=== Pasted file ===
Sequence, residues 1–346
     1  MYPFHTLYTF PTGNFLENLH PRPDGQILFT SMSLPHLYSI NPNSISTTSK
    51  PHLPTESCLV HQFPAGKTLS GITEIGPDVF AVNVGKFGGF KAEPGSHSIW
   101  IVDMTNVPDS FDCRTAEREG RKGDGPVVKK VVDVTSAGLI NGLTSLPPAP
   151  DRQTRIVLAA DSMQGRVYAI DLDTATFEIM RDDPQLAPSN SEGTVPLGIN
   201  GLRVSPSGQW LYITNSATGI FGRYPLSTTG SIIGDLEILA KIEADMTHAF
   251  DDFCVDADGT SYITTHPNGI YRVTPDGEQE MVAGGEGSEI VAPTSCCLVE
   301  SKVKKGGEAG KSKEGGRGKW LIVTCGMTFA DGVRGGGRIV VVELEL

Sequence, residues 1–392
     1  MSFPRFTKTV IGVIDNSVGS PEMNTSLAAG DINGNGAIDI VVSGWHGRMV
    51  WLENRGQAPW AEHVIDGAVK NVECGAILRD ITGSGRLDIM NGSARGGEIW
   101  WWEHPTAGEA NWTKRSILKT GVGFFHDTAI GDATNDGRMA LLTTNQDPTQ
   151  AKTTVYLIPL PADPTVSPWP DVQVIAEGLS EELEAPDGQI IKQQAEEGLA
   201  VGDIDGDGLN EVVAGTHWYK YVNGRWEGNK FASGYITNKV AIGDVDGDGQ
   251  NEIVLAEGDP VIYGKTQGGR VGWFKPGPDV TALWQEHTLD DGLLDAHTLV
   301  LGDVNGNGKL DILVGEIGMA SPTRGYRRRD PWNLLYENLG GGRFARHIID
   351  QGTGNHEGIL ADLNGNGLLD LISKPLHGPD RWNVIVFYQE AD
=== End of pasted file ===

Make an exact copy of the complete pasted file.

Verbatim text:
Sequence, residues 1–346
     1  MYPFHTLYTF PTGNFLENLH PRPDGQILFT SMSLPHLYSI NPNSISTTSK
    51  PHLPTESCLV HQFPAGKTLS GITEIGPDVF AVNVGKFGGF KAEPGSHSIW
   101  IVDMTNVPDS FDCRTAEREG RKGDGPVVKK VVDVTSAGLI NGLTSLPPAP
   151  DRQTRIVLAA DSMQGRVYAI DLDTATFEIM RDDPQLAPSN SEGTVPLGIN
   201  GLRVSPSGQW LYITNSATGI FGRYPLSTTG SIIGDLEILA KIEADMTHAF
   251  DDFCVDADGT SYITTHPNGI YRVTPDGEQE MVAGGEGSEI VAPTSCCLVE
   301  SKVKKGGEAG KSKEGGRGKW LIVTCGMTFA DGVRGGGRIV VVELEL

Sequence, residues 1–392
     1  MSFPRFTKTV IGVIDNSVGS PEMNTSLAAG DINGNGAIDI VVSGWHGRMV
    51  WLENRGQAPW AEHVIDGAVK NVECGAILRD ITGSGRLDIM NGSARGGEIW
   101  WWEHPTAGEA NWTKRSILKT GVGFFHDTAI GDATNDGRMA LLTTNQDPTQ
   151  AKTTVYLIPL PADPTVSPWP DVQVIAEGLS EELEAPDGQI IKQQAEEGLA
   201  VGDIDGDGLN EVVAGTHWYK YVNGRWEGNK FASGYITNKV AIGDVDGDGQ
   251  NEIVLAEGDP VIYGKTQGGR VGWFKPGPDV TALWQEHTLD DGLLDAHTLV
   301  LGDVNGNGKL DILVGEIGMA SPTRGYRRRD PWNLLYENLG GGRFARHIID
   351  QGTGNHEGIL ADLNGNGLLD LISKPLHGPD RWNVIVFYQE AD